The headline fact about this season, of course, is that we came 17th in the fifth tier, therefore suffering the lowest league position in the club’s history. As you might imagine, that means that a lot of our figures this season are the worst since the campaign which saw us relegated to the Conference six years ago.
We conceded more goals and lost more games than in any other Conference season, and clearly those are two circumstances which severely limited our horizons this year. However, in other areas we compare surprisingly well to other, more successful seasons. Proof, if it was needed, that this has been a frustratingly patchy effort in a sub-standard division.
Surprisingly we got the same number of wins at home as we did last season, and conceded fewer goals at The Racecourse than in two of the three seasons we’ve reached the play-offs. Bizarrely, we also scored more away goals than we did last season, and the same amount as when we came fourth three seasons ago, but we conceded a lot more and picked up a lot fewer points on our travels than in either of those campaigns.
Another shock is that this wasn’t the lowest points total we’ve managed in the Conference. We got one point less in Dean Saunders’ first full season in charge and actually scored twenty five per cent fewer goals that season.
My gut feeling that the wheels fell off after the departure of Andy Morrell also seems to hold water. We won an average of 1.34 under him this season, but since he left have managed just 1.14 per game, and that figure is boosted by two wins over hapless Hereford. To put that into perspective, if we’d won 1.14 points per game all season we’d have finished one point ahead of Chester.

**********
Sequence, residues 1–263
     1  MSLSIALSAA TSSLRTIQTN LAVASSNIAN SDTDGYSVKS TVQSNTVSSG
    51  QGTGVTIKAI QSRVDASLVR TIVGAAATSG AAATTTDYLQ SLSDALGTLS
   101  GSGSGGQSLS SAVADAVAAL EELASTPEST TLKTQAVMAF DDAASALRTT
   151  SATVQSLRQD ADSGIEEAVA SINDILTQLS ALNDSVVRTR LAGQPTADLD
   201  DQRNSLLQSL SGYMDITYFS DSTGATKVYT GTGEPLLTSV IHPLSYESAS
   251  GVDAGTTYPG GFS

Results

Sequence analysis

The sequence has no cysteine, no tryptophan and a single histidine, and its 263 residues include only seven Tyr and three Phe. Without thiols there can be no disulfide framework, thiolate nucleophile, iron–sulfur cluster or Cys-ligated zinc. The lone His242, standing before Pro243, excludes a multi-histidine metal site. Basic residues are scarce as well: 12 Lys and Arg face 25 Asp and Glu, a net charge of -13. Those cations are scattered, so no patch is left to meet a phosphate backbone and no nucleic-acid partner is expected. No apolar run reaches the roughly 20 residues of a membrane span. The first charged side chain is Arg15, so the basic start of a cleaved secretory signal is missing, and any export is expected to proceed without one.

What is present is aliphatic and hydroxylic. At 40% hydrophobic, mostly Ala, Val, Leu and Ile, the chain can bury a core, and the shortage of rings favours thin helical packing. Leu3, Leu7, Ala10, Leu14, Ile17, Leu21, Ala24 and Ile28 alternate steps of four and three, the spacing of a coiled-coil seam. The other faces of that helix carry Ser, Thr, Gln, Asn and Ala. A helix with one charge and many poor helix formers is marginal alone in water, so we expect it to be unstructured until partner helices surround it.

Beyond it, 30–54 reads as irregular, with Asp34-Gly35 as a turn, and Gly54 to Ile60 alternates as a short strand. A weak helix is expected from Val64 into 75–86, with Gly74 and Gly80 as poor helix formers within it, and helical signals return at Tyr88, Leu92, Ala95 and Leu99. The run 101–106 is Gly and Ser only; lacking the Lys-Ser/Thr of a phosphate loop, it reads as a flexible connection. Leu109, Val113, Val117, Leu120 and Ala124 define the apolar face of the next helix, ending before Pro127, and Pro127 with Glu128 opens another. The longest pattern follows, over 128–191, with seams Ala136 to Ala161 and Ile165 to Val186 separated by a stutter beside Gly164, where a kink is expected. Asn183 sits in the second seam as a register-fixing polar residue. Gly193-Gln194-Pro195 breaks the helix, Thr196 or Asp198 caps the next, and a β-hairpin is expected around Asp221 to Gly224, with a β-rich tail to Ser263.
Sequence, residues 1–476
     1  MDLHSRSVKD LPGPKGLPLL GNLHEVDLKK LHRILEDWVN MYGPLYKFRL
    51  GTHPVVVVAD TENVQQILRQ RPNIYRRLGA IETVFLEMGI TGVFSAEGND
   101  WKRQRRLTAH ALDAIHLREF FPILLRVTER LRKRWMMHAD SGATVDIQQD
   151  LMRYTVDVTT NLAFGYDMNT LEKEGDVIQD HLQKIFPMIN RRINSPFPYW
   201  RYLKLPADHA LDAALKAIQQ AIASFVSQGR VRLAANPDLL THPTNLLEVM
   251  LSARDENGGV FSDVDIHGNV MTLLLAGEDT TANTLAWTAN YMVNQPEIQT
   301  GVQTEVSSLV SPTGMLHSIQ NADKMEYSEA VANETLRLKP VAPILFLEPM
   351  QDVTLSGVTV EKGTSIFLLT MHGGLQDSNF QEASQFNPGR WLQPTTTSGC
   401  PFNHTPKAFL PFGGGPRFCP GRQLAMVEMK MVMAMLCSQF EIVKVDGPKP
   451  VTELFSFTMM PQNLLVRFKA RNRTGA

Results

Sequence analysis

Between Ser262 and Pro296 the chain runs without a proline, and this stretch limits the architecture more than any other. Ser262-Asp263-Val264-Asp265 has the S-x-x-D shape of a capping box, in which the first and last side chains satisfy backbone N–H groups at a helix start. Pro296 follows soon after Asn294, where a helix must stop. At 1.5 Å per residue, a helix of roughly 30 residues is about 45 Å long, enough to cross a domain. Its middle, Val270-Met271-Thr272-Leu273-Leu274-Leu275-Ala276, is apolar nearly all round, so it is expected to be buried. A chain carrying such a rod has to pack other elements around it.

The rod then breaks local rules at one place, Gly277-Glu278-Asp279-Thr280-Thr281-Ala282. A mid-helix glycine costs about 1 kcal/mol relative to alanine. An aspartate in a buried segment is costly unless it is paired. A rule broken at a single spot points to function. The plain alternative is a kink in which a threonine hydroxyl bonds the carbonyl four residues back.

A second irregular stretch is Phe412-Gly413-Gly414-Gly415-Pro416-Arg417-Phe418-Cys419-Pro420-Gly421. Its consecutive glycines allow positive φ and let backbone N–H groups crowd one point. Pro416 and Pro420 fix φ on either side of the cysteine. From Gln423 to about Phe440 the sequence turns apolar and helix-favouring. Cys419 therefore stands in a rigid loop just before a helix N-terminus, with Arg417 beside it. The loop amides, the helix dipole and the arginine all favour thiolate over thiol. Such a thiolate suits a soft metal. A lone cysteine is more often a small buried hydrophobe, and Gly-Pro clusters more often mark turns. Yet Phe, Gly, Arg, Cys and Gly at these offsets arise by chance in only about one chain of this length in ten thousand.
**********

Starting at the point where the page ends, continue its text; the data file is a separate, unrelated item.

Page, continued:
When it comes to individual performances, it’s no shock to find that Johnny Hunt was effective in front of goal, hitting the net every 233 minutes: certainly not bad for a player you could hardly describe as an out-and-out striker.
However, he didn’t have the best strike rate this season, and the two men ahead of him will raise some eyebrows. Rob Ogleby scored one every 212 minutes, while on average Andy Morrell only waited 114 minutes between goals.
Perhaps the most revealing fact about the strike rate figures lies outside the top five. In sixth place is Leon Clowes, which says something about the efficacy of the strikers who came beneath him.
Looking at overall creativity is extremely interesting. Hunt scored a good number but surprisingly didn’t set many goals up. If you look at assists, or combine them with goals, then the man at the top of the list will offer plenty of fuel to a long-running debate at The Racecourse. He was constantly criticised for not having end product, but Adrian Cieslewicz scored or set a goal up every 98 minutes, topping that particular list, and was second in the length of time it took him to set up a goal to Bradley Reid.
The defensive stats are interesting too, especially when you bear in mind the news today about the release of Dave Artell. One wouldn’t argue that he was ever the most aesthetic of defenders, but he was one of our most effective options at the back: he featured in each of our three most effective central defensive partnerships, including a paring with Danny Livesey which was only pierced once, when Forest Green scored on the last day of the season.
As for the goals conceded while players were on the pitch, Kyle Parle’s short but promising stint was the most successful: with much of his time in the first team against Gresley, we shouldn’t read too much into these stats per se, but Parle is undoubtedly a player to keep an eye on.
It’s no great shock to see Danny Livesey at the top of the list of defenders who spent any amount of time on the pitch, but this category also shows that sometimes statistics can’t be trusted. According to these figures, Junior Ntamé is a better defender than Steven Wright, Leon Clowes and Steve Tomassen. If you really believe that, then you were watching different games to the ones I saw!